Your movie was aimed at those type of morons. Whether a person agrees with the views expressed or not, watching crap like that, in the words of Billy Madison, makes us "dumber for having listened to it. I award you no points, and may God have mercy on your soul."

  9. I've had some good teachers, but I overall found public education very frustrating. I remember in second grade - having mastered addition and subtraction in the year prior - begging my teacher everyday if we could start multiplication and division. She kept telling me "not yet". We didn't touch it until the end of the year. I got my fix by doing my older sisters homework.

    By the time I was in middle school I was bored out of my mind. I studied and did my homework enthusiastically - I picked up on stuff. I completed all the reading ahead of schedule. I was reprimanded for moving too quickly because other students weren't able to keep up.

    My sister was on the other end of the spectrum. Her teachers handled it by calling her stupid in the middle of class, in front of other students. They allowed other kids to ridicule her on a daily basis and no one ever did anything to stop it despite many, many complaints. When she finally gave up trying because they had already given up on her they recommended she get held back a year, so she did all the same classes before - only for us to discover in her highschool years that the school had never filed the paperwork necessary to make the "being held back" official. One of her elementary school teachers used to hit her with a ruler when she wrote with her left hand. She's now "right-handed" but her writing is sloppy, her spelling is awful.

    We started homeschooling through a charter school. My sister graduated on time, as though she had never been held back. I graduated a year early.

    I truly believe that there are good teachers in the public school system, and that some form of tenure aught to endure. I do also believe that as a whole public schools fail the taxpayers and our children with programs like "No Child Left Behind" and until that's rectified no kid of mine will ever see a public school if I have anything to say about it.


  10. @ Doug: It is interesting that the opinions you disagree with are the most dangerous. Usually, I don't speak out like I have about the "Superman" movie, but it's something I obviously have some experience in, and the misleading information contained therein I do, literally, find dangerous to the future of our country.

    @ TK: A public school education is clearly not going to work for every single person. Charter schools, in fact, began as a way to work with, in conjunction with the pubic schools, the students that didn't fit in to the usual system. Instead, charters have turned into elite systems that work at the expense of public schools and teachers.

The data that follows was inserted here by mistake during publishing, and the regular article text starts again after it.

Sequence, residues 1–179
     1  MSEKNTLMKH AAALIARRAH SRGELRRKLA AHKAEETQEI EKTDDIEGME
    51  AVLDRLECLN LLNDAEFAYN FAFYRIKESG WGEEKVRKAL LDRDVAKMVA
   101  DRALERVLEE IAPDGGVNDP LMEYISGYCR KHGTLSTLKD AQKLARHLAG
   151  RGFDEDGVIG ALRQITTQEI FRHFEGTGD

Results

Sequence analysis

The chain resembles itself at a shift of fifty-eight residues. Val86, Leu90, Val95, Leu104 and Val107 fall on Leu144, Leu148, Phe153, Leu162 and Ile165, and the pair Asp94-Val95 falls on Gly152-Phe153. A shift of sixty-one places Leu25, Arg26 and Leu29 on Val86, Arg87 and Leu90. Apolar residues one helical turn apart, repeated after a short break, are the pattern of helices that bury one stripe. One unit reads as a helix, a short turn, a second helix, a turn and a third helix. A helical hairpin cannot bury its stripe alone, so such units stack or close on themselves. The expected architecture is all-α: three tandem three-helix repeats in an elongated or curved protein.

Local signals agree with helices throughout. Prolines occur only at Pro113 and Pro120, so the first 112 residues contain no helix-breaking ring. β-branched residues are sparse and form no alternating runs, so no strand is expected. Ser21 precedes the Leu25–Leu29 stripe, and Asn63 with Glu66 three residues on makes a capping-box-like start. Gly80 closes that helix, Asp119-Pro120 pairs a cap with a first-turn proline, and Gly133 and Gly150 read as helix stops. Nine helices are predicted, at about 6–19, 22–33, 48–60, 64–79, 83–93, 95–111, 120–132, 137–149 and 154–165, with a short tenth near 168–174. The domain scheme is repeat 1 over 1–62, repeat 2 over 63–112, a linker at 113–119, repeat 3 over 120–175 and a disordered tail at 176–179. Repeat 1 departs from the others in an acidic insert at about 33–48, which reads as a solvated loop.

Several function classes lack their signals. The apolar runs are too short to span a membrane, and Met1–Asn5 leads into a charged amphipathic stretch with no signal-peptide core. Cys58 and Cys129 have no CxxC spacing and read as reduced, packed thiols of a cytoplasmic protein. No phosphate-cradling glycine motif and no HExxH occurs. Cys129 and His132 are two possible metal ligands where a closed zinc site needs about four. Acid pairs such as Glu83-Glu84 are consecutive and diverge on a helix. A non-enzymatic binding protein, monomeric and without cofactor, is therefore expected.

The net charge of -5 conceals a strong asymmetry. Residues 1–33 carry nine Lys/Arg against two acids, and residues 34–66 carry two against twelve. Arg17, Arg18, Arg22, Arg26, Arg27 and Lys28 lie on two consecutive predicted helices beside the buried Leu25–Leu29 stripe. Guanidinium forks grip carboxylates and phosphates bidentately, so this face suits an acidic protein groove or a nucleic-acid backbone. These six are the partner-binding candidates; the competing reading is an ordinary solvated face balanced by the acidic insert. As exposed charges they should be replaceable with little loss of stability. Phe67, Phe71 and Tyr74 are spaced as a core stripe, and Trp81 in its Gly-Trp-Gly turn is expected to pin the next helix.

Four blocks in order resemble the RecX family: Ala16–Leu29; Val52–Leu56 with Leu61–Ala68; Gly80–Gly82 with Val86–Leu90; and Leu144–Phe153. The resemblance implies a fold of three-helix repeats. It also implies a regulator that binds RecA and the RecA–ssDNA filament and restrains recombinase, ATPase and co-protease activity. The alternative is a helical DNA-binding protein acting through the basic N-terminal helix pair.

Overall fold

For every bad example of public schools, there's a good example, and I think the most important thing is that students are able to work it out with the help of all of their teachers and parents and other support groups. The trouble starts when students don't have any of the other support.

  11. If ur (the texting generation did the smart thing with that word) interested in contributing to my campaign, i will appoint you Secretary of Education when I win the election.

    Out of curiosity, how would you react to a movie that was just as biased but slanted the way of your views? Personally, I would find it almost as offensive - but only almost.

  12. Doug, I will accept your appointment only if you never use texting language in my presence again.

    I do try to take my documentary viewing with a grain of salt. For instance, I would line up with Michael Moore politically on a lot of issues, but I really don't like the heavy-handed style of his films.

  13. I can't promise that, Brent. I can't promise that. Who knows when one of you're comments might provoke me into it? And yes, I am perfect and have never made a mistake, which gives me permission to tease you forever.

  14. I haven't seen the "Superman" movie, but it sounds alot like a Michael Moore movie. I always walk away from his movies feeling emotional and worked up, but then when you start to question some of his facts and angles, they don't hold up. It's amazing how someone can walk us down a path and the steps seem in logical sequence and you think you understand but then you find out later that you really did miss a big complex picture.
    If it's any comfort I don't believe that the common men, like myself, really believe the teachers union is what is ailing America. There are definately some vocal morons, but I don't think that most people who actually have kids (unlike Oprah) and contact with thier schools actually think teachers are underworked and overpayed.